With all the attention focused on the impossible height of New York‘s new crop of supertalls, it’s easy to forget that even skyscrapers have a tether to earth. Renderings were recently revealed for the base of Adrian Smith + Gordon Gill‘s 1,550-foot-tower, which, when complete, will be the tallest building in the Western Hemisphere. Read More
Besides the overcrowded L and the overabundance of Starbucks/Chase Banks, one of New York‘s favorite things to kvetch about is the rent: it’s too damn high. Now, through Wage Island, an installation created by a New York–based interaction and information designer, it’s possible to see in 3D how much housing really costs in this city. Read More
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The new pavilion features 2750 individual terra cotta modules, weighing in at 60-70 pounds each.
The John and Mable Ringling Museum of Art, part of a historic 66-acre estate in Sarasota, Florida has received a striking new pavilion designed by Machado Silvetti to house new gallery and multi-purpose lecture space. Officially called the Center for Asian Art in the Dr. Helga Wall-Apelt Gallery of Asian Art, the project features a custom glazed sculptural terra cotta clad volume elevated off the ground, and attached to the museum’s West Wing galleries via glass bridge. The new 7500 sq. ft. pavilion establishes a new monumental entrance to the museum, and assists in the reorganization of site circulation and infrastructure systems. Teaming with Boston Valley Terra Cotta, the architects developed a cladding strategy to respond to specific environmental, programmatic, and budgetary criteria. The project is inspired by lush foliage and historic architectural ornamentation found within the Ringling estate.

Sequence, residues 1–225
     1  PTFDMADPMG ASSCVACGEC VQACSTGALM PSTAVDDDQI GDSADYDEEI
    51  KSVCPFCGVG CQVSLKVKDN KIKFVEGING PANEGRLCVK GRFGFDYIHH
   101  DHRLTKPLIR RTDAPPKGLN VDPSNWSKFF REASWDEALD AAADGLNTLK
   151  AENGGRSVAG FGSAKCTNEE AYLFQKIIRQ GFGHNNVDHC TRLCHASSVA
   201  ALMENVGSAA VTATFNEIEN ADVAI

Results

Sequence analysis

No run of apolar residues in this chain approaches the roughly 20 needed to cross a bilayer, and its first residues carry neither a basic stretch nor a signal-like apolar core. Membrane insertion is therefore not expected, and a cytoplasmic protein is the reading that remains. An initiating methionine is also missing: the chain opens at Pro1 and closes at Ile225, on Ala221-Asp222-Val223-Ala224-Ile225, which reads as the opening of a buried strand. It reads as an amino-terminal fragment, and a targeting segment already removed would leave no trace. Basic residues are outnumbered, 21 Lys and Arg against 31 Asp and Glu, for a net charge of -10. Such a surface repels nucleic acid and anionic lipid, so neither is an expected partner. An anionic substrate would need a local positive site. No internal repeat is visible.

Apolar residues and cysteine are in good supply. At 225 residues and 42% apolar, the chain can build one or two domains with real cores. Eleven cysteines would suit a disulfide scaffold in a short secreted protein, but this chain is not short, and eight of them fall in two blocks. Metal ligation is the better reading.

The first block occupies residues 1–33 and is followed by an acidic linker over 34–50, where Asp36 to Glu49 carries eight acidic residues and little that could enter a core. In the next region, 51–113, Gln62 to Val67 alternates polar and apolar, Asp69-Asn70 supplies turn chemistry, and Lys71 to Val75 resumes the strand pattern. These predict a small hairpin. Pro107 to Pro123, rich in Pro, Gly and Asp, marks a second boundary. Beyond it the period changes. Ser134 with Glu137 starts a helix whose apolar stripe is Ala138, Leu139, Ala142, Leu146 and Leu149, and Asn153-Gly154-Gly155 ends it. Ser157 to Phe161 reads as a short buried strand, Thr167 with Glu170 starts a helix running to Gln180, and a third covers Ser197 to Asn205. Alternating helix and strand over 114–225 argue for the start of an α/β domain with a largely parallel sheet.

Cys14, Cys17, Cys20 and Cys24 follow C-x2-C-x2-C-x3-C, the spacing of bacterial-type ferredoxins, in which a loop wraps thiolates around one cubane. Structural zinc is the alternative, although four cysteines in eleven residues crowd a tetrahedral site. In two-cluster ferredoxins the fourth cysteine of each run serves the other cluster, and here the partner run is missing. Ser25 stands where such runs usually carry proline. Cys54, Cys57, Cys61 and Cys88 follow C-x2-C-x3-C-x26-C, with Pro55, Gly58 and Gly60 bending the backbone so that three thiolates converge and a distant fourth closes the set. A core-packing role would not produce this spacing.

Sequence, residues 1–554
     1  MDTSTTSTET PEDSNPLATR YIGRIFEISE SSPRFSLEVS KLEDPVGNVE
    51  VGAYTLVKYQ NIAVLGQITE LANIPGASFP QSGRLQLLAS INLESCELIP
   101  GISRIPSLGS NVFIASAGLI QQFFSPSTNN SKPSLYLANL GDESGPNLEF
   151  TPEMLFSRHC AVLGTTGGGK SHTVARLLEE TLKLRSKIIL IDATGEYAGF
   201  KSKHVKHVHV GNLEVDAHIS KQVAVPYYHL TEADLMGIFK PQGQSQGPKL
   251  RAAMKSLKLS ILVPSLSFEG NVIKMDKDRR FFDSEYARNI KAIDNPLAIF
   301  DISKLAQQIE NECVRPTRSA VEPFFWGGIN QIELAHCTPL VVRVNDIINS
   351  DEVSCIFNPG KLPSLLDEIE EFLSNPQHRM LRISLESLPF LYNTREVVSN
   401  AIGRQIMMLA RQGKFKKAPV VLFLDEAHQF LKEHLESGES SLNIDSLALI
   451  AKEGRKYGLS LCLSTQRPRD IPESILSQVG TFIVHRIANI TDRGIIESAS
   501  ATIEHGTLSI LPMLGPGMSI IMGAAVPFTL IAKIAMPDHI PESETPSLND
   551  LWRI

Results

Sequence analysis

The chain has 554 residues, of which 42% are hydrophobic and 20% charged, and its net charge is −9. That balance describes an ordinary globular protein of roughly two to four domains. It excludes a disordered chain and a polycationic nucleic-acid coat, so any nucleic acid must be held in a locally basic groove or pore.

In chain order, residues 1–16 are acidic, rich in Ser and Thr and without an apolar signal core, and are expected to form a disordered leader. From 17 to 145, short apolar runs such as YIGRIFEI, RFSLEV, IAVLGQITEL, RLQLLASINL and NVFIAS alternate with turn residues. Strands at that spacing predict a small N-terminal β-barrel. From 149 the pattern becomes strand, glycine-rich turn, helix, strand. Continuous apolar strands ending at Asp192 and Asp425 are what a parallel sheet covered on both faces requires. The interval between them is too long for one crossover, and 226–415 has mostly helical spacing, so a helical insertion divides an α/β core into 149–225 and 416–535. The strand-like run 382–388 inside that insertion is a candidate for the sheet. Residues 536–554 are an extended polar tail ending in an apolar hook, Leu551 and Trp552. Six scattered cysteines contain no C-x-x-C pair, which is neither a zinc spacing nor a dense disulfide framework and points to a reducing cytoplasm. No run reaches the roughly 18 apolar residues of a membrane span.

Dubai, a city famed for its taste in extravagant grandeur has become a playground for architects of late. Already home to many world firsts and record breakers, a new phenomenon in the form of an old idea may be on the horizon in the form of “Dynamic Tower,” an 80-story rotating skyscraper.
AN reported last week on the yearly Cevisama ceramic fair in Valencia, Spain, and the award winning Harvard project, Extruded Tessellation: Ceramic Tectonics, of industrially produced clay extrusions from the university’s Material Processes & Systems Group. But it was not the only award-winning project of architectural interest at the fair.
[Editor’s Note: This Letter to the Editor is in response to an editorial in The Architect’s Newspaper’s December issue, “What Happened to the Municipal Art Society?” Opinions expressed in letters to the editor do not necessarily reflect the opinions or sentiments of the newspaper. AN welcomes reader letters, which could appear in our regional print editions. To share your opinion, please email email@example.com.]
The Architect’s Newspaper editorial of December 11 reinforced the crucial role of civic leadership in advocating for land use policies, planning, and design approaches to keep New York City one of the most livable cities in the world—an effort the Municipal Art Society has championed for more than a century.